Tag Archives: Monsanto

March Against Monsanto: May 25

March Against MonsantoIf you haven’t heard, a global initiative is underway. People all over the world who care about what they eat and the future of the earth will March Against Monsanto on Saturday, May 25, to demonstrate their concern about the global food supply.

Marches are planned on six continents, in 49  countries, totaling events in over 370 cities. In the U.S., events will occur simultaneously at 11:00 a.m. Pacific Time in 47 states.

I’m marching in Michigan to take a stand against Genetically Modified Organisms (GMOs), which can threaten people’s health and longevity, as well as biodiversity.

To learn more about initiative, read the mission statement and press release.

Interested in marching? Find a city near you.


Keepers of the Seed

You’ve probably heard a lot about Monsanto and its drive to continue producing  GMOs and pesticides. But what is its impact on a person’s livelihood? It can go as far as suicide.

The Perennial Plate recently went to India and interviewed environmental activist Dr. Vandana Shiva on the reality of these issues. Watch this video called “Two Options” to learn more about Dr. Shiva, a farmer named Bija Devi, their network of seed keepers,  and their fight to preserve heirloom seeds in India.

Deserve to Know It’s GMO: March Against Monsanto on World Food Day

Sure, it may be six months away but it’s time to plant the seed (no pun intended) so you can organize or attend an event in your area.

MillionsAgainstMonsanto.org is organizing a march against Monsanto on World Food Day this year, October 16, 2011. Their goal is to reach 2,300 supporters in 435 local chapters for a nationwide day of action, turning out 1,000,000 people against Monsanto in support of our right to know, and choose, what’s in our food.

Monsanto produces genetically modified (GMO) seeds, which many people believe are harmful to our health, and possibly the source of numerous diseases and food allergies. (Read about their stance on the topic on their website.)

The Organic Consumers Association has provided a list of local chapters so you can find out how to get involved where you live. To find out more about the march, check out this YouTube video produced by the Organic Consumers Association.

And if you can’t make the march, how about signing a petition requesting that “all food packaging should clearly identify all non-organic ingredients containing soy, corn, cottonseed oil, canola, sugar beets, alfalfa or GM growth hormones with a label or shelf sign that says ‘May Contain GMOs’ and identify all meat, dairy, and eggs that come from CAFOs [Concentrated Animal Feeding Operations] with a label or shelf sign that says ‘CAFO.'”

Demanding mandatory GMO labeling worked in the European Union. Let’s make it happen in the United States!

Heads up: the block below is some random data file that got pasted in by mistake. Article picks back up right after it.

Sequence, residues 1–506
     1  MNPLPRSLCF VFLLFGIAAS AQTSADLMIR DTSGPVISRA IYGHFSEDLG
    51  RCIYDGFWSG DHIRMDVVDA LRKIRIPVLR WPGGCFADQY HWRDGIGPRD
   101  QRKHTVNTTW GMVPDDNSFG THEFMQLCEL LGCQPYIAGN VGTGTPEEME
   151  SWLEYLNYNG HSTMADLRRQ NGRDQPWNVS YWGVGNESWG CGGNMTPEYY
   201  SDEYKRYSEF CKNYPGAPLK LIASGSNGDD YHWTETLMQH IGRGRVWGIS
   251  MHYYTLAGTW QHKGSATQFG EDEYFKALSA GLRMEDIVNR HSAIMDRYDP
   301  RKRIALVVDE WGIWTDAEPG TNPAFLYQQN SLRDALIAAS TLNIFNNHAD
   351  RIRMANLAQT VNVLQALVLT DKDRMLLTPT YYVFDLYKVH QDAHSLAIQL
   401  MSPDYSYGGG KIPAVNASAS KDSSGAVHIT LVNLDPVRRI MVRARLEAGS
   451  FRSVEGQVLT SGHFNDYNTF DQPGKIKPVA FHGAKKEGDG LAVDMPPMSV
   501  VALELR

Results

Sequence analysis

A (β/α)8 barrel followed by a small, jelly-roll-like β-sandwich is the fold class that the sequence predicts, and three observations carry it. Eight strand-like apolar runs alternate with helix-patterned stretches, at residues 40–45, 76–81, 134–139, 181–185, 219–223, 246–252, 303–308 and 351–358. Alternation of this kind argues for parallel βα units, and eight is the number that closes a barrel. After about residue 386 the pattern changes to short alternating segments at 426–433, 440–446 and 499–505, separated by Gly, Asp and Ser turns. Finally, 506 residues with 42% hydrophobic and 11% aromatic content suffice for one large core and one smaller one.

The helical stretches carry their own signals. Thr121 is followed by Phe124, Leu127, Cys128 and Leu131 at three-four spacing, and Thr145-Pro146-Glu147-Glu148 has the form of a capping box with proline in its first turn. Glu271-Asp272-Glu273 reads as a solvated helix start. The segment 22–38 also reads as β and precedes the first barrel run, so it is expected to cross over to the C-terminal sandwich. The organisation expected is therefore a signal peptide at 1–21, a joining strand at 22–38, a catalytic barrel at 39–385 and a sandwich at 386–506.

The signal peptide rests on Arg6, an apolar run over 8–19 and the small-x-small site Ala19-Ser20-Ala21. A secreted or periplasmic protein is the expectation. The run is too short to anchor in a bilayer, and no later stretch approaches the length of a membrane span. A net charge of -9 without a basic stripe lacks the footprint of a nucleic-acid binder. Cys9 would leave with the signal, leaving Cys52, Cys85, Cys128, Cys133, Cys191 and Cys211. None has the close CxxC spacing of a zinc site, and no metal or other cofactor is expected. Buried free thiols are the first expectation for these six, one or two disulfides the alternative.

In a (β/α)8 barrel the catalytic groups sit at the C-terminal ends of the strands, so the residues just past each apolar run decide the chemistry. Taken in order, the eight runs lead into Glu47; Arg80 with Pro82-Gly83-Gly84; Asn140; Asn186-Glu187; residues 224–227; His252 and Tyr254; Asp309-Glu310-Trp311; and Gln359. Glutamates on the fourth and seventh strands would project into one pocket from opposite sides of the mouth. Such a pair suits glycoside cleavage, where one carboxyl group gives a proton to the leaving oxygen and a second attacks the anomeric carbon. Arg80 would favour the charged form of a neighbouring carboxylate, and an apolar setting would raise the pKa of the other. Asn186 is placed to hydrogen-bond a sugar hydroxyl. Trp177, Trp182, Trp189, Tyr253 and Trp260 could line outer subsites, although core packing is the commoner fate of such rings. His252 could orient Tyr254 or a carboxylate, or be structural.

GMO Alfalfa: A Lose-Lose Situation

A hot topic in the news you may have heard about recently is the deregulation of Monsanto’s Round-Up Ready alfalfa, which shows the Obama Administration’s lack of support for small farmers and food system reform.

What this means is that genetically modified organism (GMO) alfalfa has the ability to contaminate both conventional and organic alfalfa fields. For conventional growers, contamination prevents them from exporting because many markets outside the U.S. won’t accept GMO crops. For organic farmers–especially dairy and beef–contamination of alfalfa can make it difficult to find GMO-free feed, which is a requirement under organic rules.

While USDA Secretary Vilsack had suggested a “co-existence plan” requiring geographic buffers between fields planted with GMO alfalfa and conventional or organic fields, the compromise was reportedly overruled by the White House.

I subscribe to emails from Michael Pollan, which is where I first heard the news about the GMO alfalfa. Pollan claims, “In my view, Round-Up Ready alfalfa is a bad solution to a non-existent problem. Alfalfa is a perennial grass that doesn’t suffer from serious weed problems. In fact, ninety-three percent of alfalfa fields receive no herbicide at all. Which I suppose is fortunate for any farmers who plant GMO alfalfa, since Round-Up itself is well on its way to obsolescence, as weeds resistant to the herbicide proliferate around the country; I’m told that farmers in Iowa are already having to resort to hand-weeding to control weeds that no longer respond. So why is the Administration willing to risk damage to both organic and conventional agriculture to promote such an unnecessary product? Ask President Obama.”

Andrew Kimbrell, Executive Director of the Center for Food Safety (CFS), said, “We’re disappointed with the USDA’s decision and we will be back in court representing the interest of farmers, preservation of the environment, and consumer choice. The USDA has become a rogue agency in its regulation of biotech crops and its decision to appease the few companies who seek to benefit from this technology comes despite increasing evidence that GE alfalfa will threaten the rights of farmers and consumers, as well as damage the environment.”